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Most people, whether they are allergic to stinging or biting insects or not, are often wary of insects like bees, wasps, hornets, and fire ants. After all, no one wants to experience the pain of a bee, wasp, or hornet’s stinger penetrating the skin and leaving an irritated welt at the sting site. And they certainly don’t want to experience the bite(s) of fire ants on their feet, legs, hands, or arms.

But those who are allergic to a stinging or biting insect are far more cautious (or at least they should be) of the bees, wasps, and ants nearby since their reactions go beyond a painful welt.

Woman left foot with red swelling from a bee sting on sister finger , inflammation allergy on skin old floor background top view

Symptoms of an Insect Allergy

Patients who are allergic to the bite or sting of an insect can experience symptoms that range in severity from mild to severe, the most severe being anaphylaxis, which is a life-threatening emergency that requires immediate medical attention.

Mild Allergic Reactions to Biting or Stinging Insects

  • Welting at the bite or sting site
  • Redness and swelling that may spread out about an inch or two in radius from the welt
  • Swelling and pain that lasts a few hours following the bite or sting

Over-the-counter pain relievers, ice packs, and soothing topicals can help speed up recovery or minimize pain. Typically, you do not need to inform your doctor of a mild reaction.

Moderate Allergic Reactions to Biting or Stinging Insects

  • Welting at the bite or sting site
  • Mild itching or burning sensation
  • Redness and swelling that may spread out about an inch or two in radius from the welt
  • Swelling and pain that lasts between five and ten days following the bite or sting

If you experience a moderate reaction to a bite or sting, your doctor should be made aware.

Severe Allergic Reactions to Biting or Stinging Insects

Severe allergic reactions include similar responses as a mild or moderate bite or sting on the surface of the skin, in addition to:

  • Clamminess
  • Dizziness
  • Hives
  • Increased heart rate
  • Loss of consciousness
  • Nausea
  • Swelling in the lips, tongue, and throat
  • Wheezing

If you or someone you know experiences anaphylaxis, seek medical attention immediately and apply an epinephrine shot as directed on the injection pen (like an EpiPen) if you or the person you are with has one.

Insects that Cause an Insect Sting Allergy

There are several stinging insects that can initiate an allergic reaction. These insects include:


Bees inject venom whenever they sting a person, which is what causes welts, redness, and sometimes itchiness to develop at and around the injection site. If a person is allergic to bee venom, however, their immune system will react more severely to the venom and cause moderate to severe symptoms.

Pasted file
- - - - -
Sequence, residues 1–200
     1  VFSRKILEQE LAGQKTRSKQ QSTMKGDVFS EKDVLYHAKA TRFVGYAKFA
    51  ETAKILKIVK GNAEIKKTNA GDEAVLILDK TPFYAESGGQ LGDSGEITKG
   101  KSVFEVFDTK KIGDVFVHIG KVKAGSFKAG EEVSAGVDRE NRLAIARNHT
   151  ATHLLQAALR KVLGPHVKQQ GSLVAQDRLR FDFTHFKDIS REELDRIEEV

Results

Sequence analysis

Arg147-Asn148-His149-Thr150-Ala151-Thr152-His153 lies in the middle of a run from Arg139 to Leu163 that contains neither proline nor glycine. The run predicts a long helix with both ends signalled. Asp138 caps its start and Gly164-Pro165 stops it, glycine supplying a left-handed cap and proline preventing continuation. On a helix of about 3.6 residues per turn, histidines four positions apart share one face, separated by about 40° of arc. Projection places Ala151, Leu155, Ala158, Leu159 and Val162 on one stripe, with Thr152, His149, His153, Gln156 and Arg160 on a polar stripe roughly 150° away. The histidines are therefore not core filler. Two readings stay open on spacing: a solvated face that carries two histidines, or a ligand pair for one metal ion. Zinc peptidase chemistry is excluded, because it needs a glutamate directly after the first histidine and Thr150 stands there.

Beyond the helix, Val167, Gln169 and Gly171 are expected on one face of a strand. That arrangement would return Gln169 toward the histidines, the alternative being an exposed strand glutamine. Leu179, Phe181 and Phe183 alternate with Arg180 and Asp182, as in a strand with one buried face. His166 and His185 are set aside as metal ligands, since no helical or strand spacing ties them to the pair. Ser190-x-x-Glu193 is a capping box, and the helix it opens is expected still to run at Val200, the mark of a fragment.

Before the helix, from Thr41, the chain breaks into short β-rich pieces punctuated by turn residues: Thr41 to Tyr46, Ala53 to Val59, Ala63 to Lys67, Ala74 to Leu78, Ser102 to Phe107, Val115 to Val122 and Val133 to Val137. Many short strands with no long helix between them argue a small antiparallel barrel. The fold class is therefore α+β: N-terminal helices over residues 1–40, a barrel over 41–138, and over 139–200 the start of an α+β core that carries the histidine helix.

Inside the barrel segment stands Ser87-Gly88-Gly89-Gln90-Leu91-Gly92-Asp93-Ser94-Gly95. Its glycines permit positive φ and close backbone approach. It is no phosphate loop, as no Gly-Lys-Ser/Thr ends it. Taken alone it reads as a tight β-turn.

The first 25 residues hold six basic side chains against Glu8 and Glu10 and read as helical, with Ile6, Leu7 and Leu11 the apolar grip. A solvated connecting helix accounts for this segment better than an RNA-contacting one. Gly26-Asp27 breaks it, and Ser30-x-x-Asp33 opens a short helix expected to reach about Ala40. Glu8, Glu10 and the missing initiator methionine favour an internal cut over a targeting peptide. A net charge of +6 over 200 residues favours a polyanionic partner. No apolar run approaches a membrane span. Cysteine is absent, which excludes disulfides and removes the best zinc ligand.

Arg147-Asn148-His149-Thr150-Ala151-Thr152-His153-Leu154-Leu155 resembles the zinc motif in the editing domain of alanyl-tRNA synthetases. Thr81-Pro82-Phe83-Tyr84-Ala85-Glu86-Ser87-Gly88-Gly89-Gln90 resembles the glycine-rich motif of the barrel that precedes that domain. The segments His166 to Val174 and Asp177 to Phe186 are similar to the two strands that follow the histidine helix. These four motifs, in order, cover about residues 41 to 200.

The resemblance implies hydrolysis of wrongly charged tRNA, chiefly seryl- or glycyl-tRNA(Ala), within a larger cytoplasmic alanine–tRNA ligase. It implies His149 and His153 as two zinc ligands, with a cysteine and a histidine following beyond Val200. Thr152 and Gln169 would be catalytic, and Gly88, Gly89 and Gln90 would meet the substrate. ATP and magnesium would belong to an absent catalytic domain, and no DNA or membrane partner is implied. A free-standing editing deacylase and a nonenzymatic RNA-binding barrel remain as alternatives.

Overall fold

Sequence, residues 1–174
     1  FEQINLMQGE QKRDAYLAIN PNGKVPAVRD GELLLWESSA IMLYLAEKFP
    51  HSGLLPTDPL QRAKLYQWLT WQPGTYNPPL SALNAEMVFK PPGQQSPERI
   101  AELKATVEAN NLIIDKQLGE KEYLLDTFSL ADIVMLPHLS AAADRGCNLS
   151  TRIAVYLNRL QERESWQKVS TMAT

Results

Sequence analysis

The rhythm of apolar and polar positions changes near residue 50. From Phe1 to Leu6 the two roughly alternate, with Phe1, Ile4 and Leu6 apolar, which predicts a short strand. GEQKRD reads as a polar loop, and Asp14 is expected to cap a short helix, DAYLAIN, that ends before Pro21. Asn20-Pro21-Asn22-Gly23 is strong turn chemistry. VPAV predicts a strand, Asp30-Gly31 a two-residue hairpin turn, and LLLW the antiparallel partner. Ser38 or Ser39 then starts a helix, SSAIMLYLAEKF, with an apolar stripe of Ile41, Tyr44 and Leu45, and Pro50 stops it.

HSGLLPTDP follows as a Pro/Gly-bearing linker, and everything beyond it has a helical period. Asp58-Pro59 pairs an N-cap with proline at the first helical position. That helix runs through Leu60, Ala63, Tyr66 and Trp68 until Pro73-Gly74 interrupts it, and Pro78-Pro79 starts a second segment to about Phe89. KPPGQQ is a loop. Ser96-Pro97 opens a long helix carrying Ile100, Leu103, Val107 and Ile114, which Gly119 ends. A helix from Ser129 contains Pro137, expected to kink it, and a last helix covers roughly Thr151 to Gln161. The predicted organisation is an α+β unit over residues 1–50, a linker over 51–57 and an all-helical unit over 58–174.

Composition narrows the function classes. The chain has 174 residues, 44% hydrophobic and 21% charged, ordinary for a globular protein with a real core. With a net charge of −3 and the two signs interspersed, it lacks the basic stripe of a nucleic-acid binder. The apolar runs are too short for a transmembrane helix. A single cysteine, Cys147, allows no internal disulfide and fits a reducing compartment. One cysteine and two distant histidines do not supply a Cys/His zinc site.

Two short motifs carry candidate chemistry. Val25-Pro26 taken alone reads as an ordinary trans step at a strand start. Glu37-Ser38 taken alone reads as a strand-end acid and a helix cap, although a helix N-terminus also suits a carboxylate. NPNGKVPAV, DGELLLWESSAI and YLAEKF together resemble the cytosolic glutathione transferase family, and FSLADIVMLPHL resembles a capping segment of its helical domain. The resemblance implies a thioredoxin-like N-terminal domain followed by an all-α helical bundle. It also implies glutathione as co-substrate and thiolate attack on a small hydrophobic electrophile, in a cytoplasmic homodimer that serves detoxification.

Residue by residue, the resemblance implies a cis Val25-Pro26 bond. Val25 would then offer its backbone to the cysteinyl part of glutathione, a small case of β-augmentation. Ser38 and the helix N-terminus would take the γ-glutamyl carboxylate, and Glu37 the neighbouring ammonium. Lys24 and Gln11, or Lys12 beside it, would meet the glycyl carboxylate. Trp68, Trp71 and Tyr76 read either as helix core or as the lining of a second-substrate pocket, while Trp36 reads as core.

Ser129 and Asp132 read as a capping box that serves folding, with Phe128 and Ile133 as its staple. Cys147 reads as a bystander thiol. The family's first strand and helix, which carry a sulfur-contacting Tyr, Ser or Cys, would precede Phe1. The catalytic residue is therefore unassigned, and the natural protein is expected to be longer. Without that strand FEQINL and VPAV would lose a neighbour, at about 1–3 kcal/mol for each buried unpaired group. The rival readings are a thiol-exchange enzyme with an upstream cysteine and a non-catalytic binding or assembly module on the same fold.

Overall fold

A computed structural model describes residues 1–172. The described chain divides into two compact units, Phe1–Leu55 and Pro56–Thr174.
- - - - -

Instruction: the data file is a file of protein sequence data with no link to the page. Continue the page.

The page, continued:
Roughly 5-7% of Americans are severely allergic to compounds in bee venom, particularly the peptide, melittin, and the phospholipase A2 enzyme.


Wasp venom is different from bee venom, although it tends to create the same mild reactions for non-allergy patients and moderate or severe reactions for allergy patients. While bee venom contains melittin and phospholipase A2, wasp venom contains Antigen 5, a protein that can cause allergic reactions in people whose immune systems are hypersensitive to it.

If a patient is allergic to wasps, it’s rare that they are also allergic to bees (but it is still possible to be allergic to both).

About 3% of adults are severely allergic to wasp venom.

What Wasp Types Are People Most Allergic To?

Nearly all wasp types have venom that can cause allergic reactions. Types common in Georgia include:

  • Paper wasps
  • Red paper wasps
  • White-faced hornets*
  • Yellow hornets*

*A note about hornets: All hornets are types of wasps, but not all wasps are hornets. Since they are wasps, hornets’ venom contains the Antigen 5 protein that leads to reactions.

Insects that Cause an Insect Bite Allergy

The biting insects that are most likely to cause allergic reactions in people with hypertensive immune systems are fire ants.

Fire Ants

While the experience of being bitten by fire ants differs from the experience of being stung by a bee or wasp, the reaction, for the most part, is the same. In mild cases, a bite tends to cause a small, red welt that can itch or burn for a while until it fades. A moderate reaction may cause more severe swelling that lasts for more than 24 hours, and a severe reaction can escalate to anaphylaxis.

The allergen in fire ants that affects hypersensitive immune systems most is the protein Sol I 3, a member of the Antigen 5 family found in wasp venom.

Roughly 1% of the population experience severe allergic reactions to fire ant venom.

Now that it’s insect season again, don’t let it be a mystery whether you have a biting or stinging insect allergy – get tested for allergies at Langford Allergy.

Dr. Langford and our team treat all allergies and allergy symptoms, including allergies to stinging and biting insects. We perform thorough testing to determine the insects that cause reactions. Plus, we offer treatments, medications, and education for protecting yourself while outside with the bees, wasps, and fire ants.

Schedule an allergy test with our team today: 478-787-4728

Langford Allergy delivers allergy, asthma, and immune deficiency care to patients throughout Middle Georgia, including:

  • Macon, GA
  • Warner Robins, GA
  • Milledgeville, GA
  • Forsyth, GA

Related articles:

The Bees Are Back: 3 Ways to Thrive Outside With a Bee Sting Allergy

How to Enjoy the Warmer Months with an Insect Bite Allergy

What Are the Different Types of Allergy Tests?